Why Amazon Layoffs Won’t Stop Until 2023
The pandemic served to usher in a period of artificial growth for companies like Amazon, and that false growth is what is now perpetuating the mass number of layoffs at the company.
In business there is a fine line walked by corporate executives every day regarding the balance of the quantity required of team members, partners, employees, associates, representatives, staff members, or whatever term is used in a company to refer to the workers to accomplish the company’s goals and the fiscal health of your organization. Every business in the world must examine these two balance sheet line items daily because if the mission of a company is to be profitable and those two factors could potentially derail that mission. The Amazon layoff will affect tens of thousands of workers and will continue into next year, thus it’s important to understand what currents are rippling through our nation that are driving these job losses.
Amazon is not the only one in the headlines, it is joined by other industry giants like Twitter, Zillow, Facebook’s Meta, Zendesk, Salesforce, F5, and Stripe. The 4th quarter of each year in corporate America is focused on nailing down the company’s strategy and execution plan based on their internal forecasts of revenue generation for the following year. So, when January 1st comes their employees know exactly what all the immediate goals, targets, and expectations are for their job functions so they can hit the ground running and start the year off strong.
In these corporate strategy assessments, the balance of the quantity and cost of employees weighed against the company’s forecasted projected revenues. It’s just like our elementary school math teachers told us repeatedly throughout childhood, “math is important, and understanding it plays a crucial role in everyday life when you grow up.” It is a simple subtraction word problem that frustrated many of us in those Math classes.
The caveat in this word problem is that people’s livelihoods are determined by the outcome of the answer. The Amazon layoff is a direct example when the outcome says the remaining revenue does not equal a number that is large enough to provide investors or stakeholders with the dividends, they would anticipate being paid each fiscal quarter for their shares of Amazon stock. Digging in deeper we can see the factors that have created this problem and it is projected to continue with additional Amazon layoffs into 2023.
The first major factor that led them to reduce their workforces is rooted in why that workforce got so large to begin with. In the first months of 2020, the pandemic swept across the world and drove everyone into their homes to work, live, and most importantly shop. This caused E-Commerce to see an artificial demand in their business and Amazon was impacted the most due to the nature of its business model.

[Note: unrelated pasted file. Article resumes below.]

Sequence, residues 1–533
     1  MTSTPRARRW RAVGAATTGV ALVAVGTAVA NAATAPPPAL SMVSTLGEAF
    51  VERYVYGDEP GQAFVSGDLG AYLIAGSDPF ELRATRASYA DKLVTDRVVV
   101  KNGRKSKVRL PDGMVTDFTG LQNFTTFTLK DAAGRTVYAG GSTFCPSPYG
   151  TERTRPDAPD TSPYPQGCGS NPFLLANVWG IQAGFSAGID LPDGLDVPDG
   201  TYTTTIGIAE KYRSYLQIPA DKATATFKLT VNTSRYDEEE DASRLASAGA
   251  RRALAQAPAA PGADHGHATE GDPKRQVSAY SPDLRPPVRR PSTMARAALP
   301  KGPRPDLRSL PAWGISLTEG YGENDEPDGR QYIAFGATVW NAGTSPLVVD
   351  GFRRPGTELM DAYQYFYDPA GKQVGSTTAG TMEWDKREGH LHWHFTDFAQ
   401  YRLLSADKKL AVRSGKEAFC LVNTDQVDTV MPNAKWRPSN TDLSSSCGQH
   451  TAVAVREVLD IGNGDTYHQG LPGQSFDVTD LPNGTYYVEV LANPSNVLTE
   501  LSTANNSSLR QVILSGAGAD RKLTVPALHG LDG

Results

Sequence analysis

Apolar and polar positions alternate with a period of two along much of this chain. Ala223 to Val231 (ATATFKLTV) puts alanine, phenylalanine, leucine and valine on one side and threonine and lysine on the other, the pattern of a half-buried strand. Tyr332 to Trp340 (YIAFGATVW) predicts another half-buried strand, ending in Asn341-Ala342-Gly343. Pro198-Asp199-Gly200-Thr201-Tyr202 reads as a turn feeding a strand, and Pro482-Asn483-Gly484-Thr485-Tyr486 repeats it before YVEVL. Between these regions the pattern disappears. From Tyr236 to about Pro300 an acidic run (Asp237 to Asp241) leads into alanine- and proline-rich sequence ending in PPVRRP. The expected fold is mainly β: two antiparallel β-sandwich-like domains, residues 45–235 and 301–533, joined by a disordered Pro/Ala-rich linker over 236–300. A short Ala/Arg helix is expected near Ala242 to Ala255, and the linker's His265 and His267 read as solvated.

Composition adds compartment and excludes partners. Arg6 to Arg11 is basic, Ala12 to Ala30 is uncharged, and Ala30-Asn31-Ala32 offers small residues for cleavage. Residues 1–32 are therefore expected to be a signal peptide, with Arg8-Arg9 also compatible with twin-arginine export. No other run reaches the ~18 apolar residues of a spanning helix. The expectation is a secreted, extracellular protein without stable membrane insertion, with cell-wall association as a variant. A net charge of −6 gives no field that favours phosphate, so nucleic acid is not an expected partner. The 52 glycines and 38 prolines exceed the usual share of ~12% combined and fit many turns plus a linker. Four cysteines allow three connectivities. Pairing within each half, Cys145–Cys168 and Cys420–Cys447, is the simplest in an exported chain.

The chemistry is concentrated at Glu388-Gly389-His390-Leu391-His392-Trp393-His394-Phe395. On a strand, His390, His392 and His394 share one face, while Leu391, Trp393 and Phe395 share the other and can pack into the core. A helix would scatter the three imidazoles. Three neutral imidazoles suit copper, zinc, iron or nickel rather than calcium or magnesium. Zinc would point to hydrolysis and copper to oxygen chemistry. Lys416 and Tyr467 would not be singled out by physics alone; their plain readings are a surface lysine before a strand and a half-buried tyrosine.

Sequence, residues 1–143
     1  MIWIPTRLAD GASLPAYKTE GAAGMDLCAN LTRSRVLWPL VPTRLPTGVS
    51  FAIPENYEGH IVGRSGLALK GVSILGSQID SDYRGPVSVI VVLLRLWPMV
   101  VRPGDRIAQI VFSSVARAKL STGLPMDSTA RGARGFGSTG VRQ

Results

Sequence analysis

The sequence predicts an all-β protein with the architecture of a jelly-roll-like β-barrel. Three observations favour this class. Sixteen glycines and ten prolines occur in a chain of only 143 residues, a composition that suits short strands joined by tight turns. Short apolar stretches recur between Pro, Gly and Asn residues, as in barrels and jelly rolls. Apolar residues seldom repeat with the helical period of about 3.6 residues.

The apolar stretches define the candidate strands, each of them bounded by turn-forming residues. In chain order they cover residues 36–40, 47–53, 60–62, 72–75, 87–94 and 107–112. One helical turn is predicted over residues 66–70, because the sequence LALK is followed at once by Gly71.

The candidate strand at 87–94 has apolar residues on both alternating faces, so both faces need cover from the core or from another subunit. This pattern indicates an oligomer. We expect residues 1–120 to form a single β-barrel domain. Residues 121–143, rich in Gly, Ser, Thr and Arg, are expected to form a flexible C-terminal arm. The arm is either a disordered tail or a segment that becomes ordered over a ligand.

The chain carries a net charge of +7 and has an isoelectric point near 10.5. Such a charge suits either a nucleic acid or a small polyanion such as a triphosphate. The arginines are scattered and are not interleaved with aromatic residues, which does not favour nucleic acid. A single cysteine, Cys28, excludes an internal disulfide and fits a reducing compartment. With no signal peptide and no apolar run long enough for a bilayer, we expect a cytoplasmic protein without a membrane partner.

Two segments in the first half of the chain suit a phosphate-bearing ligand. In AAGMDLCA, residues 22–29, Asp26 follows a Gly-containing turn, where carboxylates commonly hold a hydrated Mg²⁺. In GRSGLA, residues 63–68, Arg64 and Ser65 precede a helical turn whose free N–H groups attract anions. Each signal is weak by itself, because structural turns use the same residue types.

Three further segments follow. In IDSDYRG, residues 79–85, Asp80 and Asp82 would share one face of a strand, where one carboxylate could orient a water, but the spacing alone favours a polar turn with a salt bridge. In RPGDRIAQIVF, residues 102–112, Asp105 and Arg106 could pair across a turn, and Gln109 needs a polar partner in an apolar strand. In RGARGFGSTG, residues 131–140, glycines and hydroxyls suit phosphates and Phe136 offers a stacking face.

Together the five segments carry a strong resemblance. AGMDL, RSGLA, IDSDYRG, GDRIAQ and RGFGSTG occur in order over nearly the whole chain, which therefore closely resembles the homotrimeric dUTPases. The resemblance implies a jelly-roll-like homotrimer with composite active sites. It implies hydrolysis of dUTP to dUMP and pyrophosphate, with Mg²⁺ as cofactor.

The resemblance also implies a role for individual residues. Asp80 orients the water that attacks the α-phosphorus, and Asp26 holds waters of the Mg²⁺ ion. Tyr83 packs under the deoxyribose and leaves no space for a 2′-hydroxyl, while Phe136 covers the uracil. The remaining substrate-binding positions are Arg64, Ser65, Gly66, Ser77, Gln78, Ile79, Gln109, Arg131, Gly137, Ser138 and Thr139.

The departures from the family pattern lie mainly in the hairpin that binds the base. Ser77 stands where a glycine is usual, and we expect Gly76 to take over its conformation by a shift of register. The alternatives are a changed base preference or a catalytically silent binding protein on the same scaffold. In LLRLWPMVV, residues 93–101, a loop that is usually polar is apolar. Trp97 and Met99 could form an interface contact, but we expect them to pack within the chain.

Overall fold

This forced Amazon to rapidly increase its staff to be able to keep up with the demand for its products and more importantly its delivery services. CNN Business quotes Amazon CEO Andy Jassy as saying, “It’s not lost on me or any of the leaders who make these decisions that these aren’t just roles we’re eliminating, but rather, people with emotions, ambitions, and responsibilities whose lives will be impacted.” This clearly demonstrates why these decisions are incredibly difficult for the senior executives that are responsible for ensuring the balance is fair and equitable for their stakeholders.
With the pandemic in the world’s rearview mirror the demand for the company’s services is in decline, thus the reason for the Amazon layoffs. Amazon and other companies will continue to assess this issue as additional factors are also considered. For example, the predicted economic recession and those impacts on consumer buying habits, diminishing its revenue forecasts even further. We will continue to see Amazon and many companies attempting to become lean in their expense spending and human capital is one of the largest expenses on a company balance sheet.
Unfortunately for the Amazon workforce reducing human capital is the quickest way for a company to see an impact and increases corporate net revenue. This is going to be a major factor as companies across America baton down the hatches and prepare to survive the potential economic downturn expected in 2023. Only time will tell what the impacts of these Amazon layoffs are for the country and if they are a precursor to a much larger national issue that is bubbling under the surface.